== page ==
A spotlight on Ronit Tapiero
The Van Leer Institute is not only an intellectual institution engaged in the development of groundbreaking ideas. Nor is it merely an impressive building at the heart of an elegant campus in Jerusalem. For us, the institute's employees, Van Leer is mainly a place of real friendship, of teamwork, and of mutual support.
So who are we, the employees? We decided to turn the spotlight every now and then to the women and men who are at the heart of the institute's activity, to allow others to experience some of what we experience here every day.
We went out and interviewed employees to bring you a somewhat different perspective on the Van Leer Jerusalem Institute.
This time we will shed the spotlight on Ronit Tapiero.
Ronit is a scientific editor and head of editing at Van Leer Institute Press. Hundreds of researchers and academics know Ronit because she edited their manuscripts. Most of them have never met her but only corresponded with her, and in any case did not have the pleasure of knowing Ronit beyond their professional relationship.
Ronit, who are you? What was your life like before Van Leer?
I was born in Tel Aviv, and grew up in Tel Aviv, Jerusalem, and Herzliya. I served in the Israeli Defense Forces as a noncommissioned officer for social services at the naval base in Eilat. After the service I was a flight attendant at El Al, and then I went to Hebrew University for a BA in psychology and French literature. Subsequently I did an MA in Hebew language and studied language editing. At the University I met Carlos, and after we got married we went to Guatemala for a couple of years, which extended to 12 years, in which we had three children. In Guatemala I was, among other things, the representative of the United Israel Appeal and a translator for the Israeli Embassy. We came back to Israel in July 2001, straight into the atrocities of the second intifada. I was shocked and confused. Life in Guatemala was so different! I decided to go back to the university and continue my editing studies (which I hadn't completed before our trip). In October 2006, after working for a few years as a freelance editor and translator, I began working at the Institute. I recently did an MA in European studies. In the next academic year I will start teaching scientific editing at the Hebrew University – a kind of closing of a circle, which makes me very happy – as well as academic reading and writing at Hadassah College.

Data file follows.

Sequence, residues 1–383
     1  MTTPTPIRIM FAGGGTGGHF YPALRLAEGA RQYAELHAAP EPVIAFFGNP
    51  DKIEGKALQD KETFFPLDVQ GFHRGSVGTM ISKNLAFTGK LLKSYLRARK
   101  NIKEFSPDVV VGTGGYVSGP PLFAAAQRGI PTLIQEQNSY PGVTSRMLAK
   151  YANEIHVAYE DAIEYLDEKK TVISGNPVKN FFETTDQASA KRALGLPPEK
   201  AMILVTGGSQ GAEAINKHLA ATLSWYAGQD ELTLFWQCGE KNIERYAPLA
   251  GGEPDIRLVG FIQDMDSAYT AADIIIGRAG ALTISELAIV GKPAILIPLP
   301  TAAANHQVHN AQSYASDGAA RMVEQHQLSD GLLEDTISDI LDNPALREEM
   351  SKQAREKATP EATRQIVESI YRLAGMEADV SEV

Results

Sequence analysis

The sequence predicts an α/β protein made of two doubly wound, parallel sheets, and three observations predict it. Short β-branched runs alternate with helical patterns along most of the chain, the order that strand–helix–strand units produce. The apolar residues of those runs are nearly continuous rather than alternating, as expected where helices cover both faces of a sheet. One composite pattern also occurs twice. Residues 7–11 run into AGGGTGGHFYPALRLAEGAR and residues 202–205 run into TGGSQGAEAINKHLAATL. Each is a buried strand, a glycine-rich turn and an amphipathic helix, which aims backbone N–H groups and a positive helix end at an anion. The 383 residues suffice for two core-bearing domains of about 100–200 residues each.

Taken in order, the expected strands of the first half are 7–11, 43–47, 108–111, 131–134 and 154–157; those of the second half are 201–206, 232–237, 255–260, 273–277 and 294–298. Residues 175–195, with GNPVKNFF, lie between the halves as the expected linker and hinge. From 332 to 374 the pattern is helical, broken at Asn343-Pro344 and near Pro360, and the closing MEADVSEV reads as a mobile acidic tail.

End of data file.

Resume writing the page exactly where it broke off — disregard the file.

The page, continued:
And how does that relate to what you do at the Institute?
Everything is connected: I love to study and I love to read. I was always a bookworm, and it has been a great privilege to turn my hobby into a profession.
What is the ideal society in your opinion?
Moral and just, liberal, equal, pluralistic, democratic, orderly, peace- and justice-loving, open to the world, compassionate and not alienated. A society that appreciates refinement, beauty and good taste (in every sense), rich in cultural and artistic creation, which cultivates broad education, independent thinking, and good character.
Could you give us some insight from your work?
Clear writing reflects clear thinking.
And what isn't written in your CV?
That music is a very important part of my life, especially English rock.
Could we sum it up in one word?
When you grow up you will be:
I'm already pretty grown-up but everything is open.
If you weren't an editor you would be:
I have nothing exotic to say. Maybe a curator. Or a lawyer.
What is the most important discipline?
Literature – which contains every kind of wisdom.
The best theoretical concept:
Aufhebung in Hegel's dialectic because it expresses the constant development of the intellect.
The most important or most valuable intellectual/researcher:
That is an impossible question... One of them is definitely Karl Polanyi, whose book we are about to publish.
Your corner at Van Leer:
The Van Leer Institute is:
A beloved home.
Thank you dear Ronit. I will see you in the kitchenette...